- Sydney records biggest daily rise in infections, five deaths
- Melbourne tracking fresh cases, close contacts top 3,000
- Lockdown announced for second-largest city in New South Wales
SYDNEY, Aug 5 (Reuters) – Sydney reported its worst day of the COVID-19 pandemic on Thursday with five deaths and a record rise in locally acquired infections as a weeks-long hard lockdown is struggling to contain the highly contagious Delta strain of the coronavirus.
Four of the five people that died were unvaccinated while one had one dose, New South Wales state health authorities said, as they implored residents to get inoculated as early as possible.
Authorities also announced a one-week lockdown from Thursday in the region surrounding the state’s second-largest city of Newcastle, 140 km (87 miles) north of Sydney, after six cases were reported there.
That will place an additional 615,000 people under lockdown, raising the total in New South Wales under strict stay-home restrictions to 6 million people out of 8 million in the state, or about a quarter of Australia’s population.
The authorities suspect the outbreak began with a beach party near Newcastle after people travelled from Sydney, an apparent violation of the city’s lockdown.
“Our strongest focus … is getting to the bottom of how the disease was transmitted and introduced into Newcastle,” New South Wales Chief Health Officer Kerry Chant told reporters, as most cases were still being detected in Sydney, the state capital and Australia’s largest city.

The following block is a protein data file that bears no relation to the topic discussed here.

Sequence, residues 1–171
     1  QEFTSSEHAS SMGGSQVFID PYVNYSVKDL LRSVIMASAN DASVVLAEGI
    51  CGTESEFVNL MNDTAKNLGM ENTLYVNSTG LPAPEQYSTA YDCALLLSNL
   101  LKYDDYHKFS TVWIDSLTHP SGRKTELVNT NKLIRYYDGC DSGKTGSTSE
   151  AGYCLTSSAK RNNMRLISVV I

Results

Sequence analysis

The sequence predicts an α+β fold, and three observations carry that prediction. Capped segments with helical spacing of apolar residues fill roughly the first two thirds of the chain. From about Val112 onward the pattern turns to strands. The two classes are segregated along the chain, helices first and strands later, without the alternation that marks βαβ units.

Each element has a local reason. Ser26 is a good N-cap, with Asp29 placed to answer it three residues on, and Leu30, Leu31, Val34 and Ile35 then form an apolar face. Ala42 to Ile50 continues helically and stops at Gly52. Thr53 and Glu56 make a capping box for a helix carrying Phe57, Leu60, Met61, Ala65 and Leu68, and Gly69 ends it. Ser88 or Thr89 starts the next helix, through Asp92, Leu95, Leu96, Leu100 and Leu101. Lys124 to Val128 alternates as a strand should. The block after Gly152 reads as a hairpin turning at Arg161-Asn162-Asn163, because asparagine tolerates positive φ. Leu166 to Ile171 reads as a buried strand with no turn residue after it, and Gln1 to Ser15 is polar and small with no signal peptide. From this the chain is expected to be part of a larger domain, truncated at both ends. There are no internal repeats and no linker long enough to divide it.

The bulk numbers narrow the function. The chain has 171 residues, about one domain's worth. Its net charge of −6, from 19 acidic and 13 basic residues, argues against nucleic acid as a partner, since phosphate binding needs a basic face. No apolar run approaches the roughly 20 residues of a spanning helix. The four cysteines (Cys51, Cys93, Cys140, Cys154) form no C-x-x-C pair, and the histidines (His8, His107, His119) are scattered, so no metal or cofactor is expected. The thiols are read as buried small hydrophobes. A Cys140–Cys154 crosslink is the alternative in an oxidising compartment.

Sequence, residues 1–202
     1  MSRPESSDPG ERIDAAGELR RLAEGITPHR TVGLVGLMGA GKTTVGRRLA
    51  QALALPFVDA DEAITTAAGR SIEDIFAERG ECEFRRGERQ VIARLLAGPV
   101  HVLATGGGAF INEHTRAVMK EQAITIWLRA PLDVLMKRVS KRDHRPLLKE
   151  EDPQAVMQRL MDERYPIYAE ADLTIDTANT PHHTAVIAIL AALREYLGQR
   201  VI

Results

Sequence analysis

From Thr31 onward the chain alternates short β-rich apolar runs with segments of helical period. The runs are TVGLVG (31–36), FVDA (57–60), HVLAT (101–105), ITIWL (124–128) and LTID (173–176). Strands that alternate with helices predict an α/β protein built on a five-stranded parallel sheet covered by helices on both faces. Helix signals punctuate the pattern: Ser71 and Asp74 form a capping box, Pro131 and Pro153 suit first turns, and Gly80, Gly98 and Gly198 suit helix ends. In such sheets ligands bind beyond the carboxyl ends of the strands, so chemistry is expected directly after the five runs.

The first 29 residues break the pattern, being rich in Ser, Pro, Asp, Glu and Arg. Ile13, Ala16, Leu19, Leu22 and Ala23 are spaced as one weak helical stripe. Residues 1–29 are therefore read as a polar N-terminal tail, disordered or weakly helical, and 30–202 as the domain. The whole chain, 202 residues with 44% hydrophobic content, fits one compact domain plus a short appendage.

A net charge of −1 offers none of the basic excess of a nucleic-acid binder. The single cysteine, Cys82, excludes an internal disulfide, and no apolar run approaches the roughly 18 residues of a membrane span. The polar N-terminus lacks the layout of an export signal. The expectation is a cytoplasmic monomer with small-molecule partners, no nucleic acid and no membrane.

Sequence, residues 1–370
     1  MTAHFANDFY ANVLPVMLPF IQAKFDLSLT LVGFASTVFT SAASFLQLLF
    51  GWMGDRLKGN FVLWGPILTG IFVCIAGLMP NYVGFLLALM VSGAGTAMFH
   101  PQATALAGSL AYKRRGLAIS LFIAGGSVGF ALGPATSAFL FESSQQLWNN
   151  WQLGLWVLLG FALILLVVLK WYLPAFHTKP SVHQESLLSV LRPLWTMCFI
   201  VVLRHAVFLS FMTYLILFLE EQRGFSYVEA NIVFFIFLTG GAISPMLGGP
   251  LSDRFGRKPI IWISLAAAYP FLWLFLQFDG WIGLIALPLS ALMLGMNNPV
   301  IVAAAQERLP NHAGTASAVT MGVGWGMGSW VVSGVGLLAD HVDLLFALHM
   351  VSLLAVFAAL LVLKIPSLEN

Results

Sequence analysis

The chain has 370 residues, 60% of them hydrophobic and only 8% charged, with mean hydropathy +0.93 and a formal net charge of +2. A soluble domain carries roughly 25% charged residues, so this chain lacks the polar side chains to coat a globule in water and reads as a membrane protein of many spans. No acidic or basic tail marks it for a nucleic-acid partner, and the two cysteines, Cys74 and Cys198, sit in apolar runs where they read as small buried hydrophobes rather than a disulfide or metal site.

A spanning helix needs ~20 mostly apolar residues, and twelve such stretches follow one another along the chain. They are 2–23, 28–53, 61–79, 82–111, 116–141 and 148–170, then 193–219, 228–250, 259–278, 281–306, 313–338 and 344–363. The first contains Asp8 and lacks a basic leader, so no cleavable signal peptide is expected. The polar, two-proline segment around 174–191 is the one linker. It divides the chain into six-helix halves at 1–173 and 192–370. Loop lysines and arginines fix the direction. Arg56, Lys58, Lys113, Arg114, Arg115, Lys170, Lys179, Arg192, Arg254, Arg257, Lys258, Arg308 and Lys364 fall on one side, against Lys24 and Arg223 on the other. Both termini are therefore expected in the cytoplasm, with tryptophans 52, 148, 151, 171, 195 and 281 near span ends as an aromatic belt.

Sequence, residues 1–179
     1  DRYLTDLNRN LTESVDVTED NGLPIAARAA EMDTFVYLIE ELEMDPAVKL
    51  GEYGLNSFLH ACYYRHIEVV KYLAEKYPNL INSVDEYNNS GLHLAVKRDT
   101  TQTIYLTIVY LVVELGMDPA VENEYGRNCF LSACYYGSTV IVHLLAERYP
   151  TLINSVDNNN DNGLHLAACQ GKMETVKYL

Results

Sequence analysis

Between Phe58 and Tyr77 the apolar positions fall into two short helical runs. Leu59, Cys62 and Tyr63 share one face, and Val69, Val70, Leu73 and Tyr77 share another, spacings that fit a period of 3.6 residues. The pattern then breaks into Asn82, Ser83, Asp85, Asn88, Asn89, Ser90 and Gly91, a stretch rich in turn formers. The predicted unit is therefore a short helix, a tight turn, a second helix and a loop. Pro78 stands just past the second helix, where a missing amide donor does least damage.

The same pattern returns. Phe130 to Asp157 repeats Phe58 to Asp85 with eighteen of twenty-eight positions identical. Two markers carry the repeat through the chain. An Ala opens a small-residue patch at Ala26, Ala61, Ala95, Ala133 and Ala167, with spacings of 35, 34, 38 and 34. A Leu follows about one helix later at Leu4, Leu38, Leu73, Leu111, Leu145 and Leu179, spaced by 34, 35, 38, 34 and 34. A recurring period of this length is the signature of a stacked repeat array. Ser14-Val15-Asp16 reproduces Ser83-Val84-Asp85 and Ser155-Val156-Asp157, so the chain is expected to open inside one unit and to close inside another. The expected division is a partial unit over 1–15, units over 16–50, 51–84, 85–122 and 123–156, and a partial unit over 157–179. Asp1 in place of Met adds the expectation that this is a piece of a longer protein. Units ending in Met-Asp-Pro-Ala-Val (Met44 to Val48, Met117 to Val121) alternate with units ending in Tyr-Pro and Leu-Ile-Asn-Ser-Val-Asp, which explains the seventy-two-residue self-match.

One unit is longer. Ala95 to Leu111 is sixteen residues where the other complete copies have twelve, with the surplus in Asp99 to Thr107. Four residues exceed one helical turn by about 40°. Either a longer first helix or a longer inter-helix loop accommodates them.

There were 259 new COVID-19 cases in Sydney, out of 262 in all of New South Wales, health authorities said, daily records for the city and the state, which reported a previous high of 239 on Sunday.
There have been more than 4,300 cases in New South Wales during the latest surge that began seven weeks ago after the first case of the Delta variant was detected in an unvaccinated, unmasked limousine driver who transported overseas airline crew.
In the state of Queensland, whose capital Brisbane is under lockdown, another 16 COVID-19 cases were reported on Thursday, the same as the previous two days.
In the state of Victoria, officials are trying to trace three new cases without links to prior infections that were among eight reported on Thursday. The state reported zero cases for the first time in a month on Wednesday.
One of the three unlinked cases includes a teacher in a school in Melbourne, the state capital.
New South Wales health officials are imploring residents, especially people above 60, to get inoculated.
The five deaths in Sydney included three men in their 60s, one man in 70s and a woman in her 80s, taking the total number of deaths in the latest outbreak in New South Wales to 21.
“Please now is the time to strongly consider getting vaccinated … I put out a plea to you – make an appointment. Get vaccinated,” Chant said.
With around 35,200 COVID-19 cases and 932 deaths, Australia has avoided the high caseloads of other developed countries but its vaccination figures are among the lowest, with only 20% of its population over 16 fully vaccinated.
New South Wales Premier Gladys Berejiklian has tied the vaccination rate to easing lockdown restrictions on Aug. 28, setting a target of 6 million shots by the end of the month that would cover half the state’s adult population. About 4 million doses have been given so far in New South Wales. read more
But the growing list of new venues where COVID-19-positive people have visited while infectious is tempering any optimism. About one-fifth of cases reported in New South Wales on Thursday were active in the community, in line with the trend over the last several days.
Victoria also provided an example of how active community cases are likely to cause more cases.
The state, which ended a lockdown only weeks ago, announced that the eight new cases are mostly linked to at least 3,000 close contacts. Authorities warned that would significantly rise, raising the prospect of more curbs.
“Given our understanding of the school community as well as the other exposure sites that are coming online, we would pretty quickly pass 5,000 to 10,000 primary and secondary close contacts within hours if not days,” Victoria Health Minister Martin Foley said in Melbourne.
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